One of the simple truths I constantly attempt to help Customer Service Representatives (CSRs) internalize is that they are "representatives" of the company for whom they work. To the customer, you are the company. Sure, most customers understand that the person they’re speaking with didn’t personally mess up their order or create the issue about which they are calling. Nevertheless, you represent the company who did. As a representative of the company, customers expect you to take responsibility and ownership for resolving the issue and communicating concern over their inconvenience.
That’s why it doesn’t make any sense to the customer when you talk about "they":
- "They" didn’t enter your order correctly
- "They" have been backed up lately and didn’t ship it on time
- "They" are experiencing system issues at the moment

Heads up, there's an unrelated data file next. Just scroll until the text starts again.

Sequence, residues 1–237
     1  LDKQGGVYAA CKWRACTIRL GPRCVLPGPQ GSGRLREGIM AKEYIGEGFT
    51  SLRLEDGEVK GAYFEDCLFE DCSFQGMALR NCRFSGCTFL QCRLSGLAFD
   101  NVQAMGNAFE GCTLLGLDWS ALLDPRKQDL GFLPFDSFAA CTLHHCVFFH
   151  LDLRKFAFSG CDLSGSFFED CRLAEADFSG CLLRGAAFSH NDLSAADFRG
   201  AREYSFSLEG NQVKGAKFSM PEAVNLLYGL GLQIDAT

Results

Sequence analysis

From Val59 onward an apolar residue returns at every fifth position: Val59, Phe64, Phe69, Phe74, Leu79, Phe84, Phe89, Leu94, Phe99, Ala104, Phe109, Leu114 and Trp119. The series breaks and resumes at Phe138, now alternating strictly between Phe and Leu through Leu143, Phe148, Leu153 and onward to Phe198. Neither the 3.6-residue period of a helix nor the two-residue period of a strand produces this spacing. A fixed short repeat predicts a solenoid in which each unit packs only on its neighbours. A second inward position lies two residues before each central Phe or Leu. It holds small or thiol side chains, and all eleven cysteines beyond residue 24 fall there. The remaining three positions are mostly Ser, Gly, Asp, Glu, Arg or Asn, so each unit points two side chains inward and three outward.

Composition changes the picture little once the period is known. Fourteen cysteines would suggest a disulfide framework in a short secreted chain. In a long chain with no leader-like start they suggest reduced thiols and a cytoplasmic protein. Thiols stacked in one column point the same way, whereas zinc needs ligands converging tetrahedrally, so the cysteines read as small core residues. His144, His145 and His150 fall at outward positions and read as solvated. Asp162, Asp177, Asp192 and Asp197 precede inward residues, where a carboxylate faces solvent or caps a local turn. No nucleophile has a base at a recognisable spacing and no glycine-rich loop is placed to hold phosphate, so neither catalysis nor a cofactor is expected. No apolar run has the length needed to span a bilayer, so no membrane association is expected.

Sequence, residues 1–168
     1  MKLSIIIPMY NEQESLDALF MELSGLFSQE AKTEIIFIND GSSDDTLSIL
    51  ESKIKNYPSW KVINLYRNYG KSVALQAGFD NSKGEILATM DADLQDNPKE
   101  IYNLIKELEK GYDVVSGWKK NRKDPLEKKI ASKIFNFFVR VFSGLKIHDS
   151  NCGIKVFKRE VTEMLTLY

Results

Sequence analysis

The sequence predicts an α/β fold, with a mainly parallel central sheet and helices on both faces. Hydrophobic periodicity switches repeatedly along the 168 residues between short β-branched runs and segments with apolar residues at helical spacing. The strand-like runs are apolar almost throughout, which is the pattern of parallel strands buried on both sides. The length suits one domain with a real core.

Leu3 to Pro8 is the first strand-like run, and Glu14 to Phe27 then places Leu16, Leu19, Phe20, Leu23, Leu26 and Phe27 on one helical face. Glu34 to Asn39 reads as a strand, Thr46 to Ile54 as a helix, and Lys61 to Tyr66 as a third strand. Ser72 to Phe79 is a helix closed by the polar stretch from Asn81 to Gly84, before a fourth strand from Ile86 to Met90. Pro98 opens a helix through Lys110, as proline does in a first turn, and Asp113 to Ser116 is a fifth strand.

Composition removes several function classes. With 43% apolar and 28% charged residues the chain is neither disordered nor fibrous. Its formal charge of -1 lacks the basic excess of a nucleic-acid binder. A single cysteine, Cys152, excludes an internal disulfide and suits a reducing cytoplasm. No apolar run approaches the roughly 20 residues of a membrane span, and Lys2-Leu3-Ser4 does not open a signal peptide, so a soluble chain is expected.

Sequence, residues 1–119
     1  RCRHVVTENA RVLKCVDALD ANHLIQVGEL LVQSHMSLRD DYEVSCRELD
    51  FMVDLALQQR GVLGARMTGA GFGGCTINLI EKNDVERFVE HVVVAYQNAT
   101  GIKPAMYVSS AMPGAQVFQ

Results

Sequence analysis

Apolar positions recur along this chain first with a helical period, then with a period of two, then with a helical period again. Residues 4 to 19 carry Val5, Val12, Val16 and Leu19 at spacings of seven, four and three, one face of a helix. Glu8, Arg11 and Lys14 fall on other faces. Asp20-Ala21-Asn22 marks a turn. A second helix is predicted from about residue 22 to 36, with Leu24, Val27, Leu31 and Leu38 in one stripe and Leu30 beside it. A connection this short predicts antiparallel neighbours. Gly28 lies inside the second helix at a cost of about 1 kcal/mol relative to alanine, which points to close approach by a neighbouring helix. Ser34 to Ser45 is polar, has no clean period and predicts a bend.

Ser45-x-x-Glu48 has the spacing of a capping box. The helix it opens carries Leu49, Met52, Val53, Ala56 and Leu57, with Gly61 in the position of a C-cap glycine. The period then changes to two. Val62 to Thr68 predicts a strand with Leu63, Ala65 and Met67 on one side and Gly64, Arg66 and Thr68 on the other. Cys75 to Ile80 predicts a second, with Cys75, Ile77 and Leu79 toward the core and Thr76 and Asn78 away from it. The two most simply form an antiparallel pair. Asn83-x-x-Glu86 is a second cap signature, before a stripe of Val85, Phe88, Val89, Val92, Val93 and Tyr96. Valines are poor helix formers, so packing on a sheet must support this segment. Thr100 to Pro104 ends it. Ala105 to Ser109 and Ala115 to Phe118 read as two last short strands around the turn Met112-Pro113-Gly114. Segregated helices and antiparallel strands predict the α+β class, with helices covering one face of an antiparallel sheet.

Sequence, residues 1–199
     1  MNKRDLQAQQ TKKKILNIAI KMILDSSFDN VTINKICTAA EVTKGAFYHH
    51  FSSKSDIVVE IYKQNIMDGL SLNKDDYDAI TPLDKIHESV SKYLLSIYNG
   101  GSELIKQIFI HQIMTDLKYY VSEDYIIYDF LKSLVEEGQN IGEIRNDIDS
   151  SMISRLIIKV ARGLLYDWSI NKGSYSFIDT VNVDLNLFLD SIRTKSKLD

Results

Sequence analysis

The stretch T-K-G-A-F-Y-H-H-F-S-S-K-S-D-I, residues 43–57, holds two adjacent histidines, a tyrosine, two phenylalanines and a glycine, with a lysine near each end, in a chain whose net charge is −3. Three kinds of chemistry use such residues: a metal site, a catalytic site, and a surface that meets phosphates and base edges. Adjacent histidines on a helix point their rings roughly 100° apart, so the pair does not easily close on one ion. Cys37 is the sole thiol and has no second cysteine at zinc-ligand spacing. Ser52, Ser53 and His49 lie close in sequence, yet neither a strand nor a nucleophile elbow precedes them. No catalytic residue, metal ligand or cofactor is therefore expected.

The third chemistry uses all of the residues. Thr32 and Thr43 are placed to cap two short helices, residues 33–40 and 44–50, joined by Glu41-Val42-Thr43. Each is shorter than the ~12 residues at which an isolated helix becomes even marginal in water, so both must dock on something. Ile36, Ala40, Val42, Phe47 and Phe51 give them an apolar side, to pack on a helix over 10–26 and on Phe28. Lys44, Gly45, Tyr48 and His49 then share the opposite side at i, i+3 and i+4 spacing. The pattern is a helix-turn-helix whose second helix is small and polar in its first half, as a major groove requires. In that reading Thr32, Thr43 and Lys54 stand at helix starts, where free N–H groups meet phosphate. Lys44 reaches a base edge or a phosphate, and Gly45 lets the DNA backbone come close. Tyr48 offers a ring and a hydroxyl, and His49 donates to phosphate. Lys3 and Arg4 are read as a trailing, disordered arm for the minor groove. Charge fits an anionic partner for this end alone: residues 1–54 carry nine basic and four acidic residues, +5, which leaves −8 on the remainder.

- "They" instituted this policy that doesn’t make any sense
- "They" lost your order
- "They" gave you wrong information last time you called
- "They" didn’t note your account
In the customer’s mind, you are the company – you ARE the "they" that you are talking about. The use of "they" is a subtle device that, deep down, shifts blame away from ourselves and places it elsewhere. Yet, the customer is looking for someone to take responsibility – not make excuses and shift blame.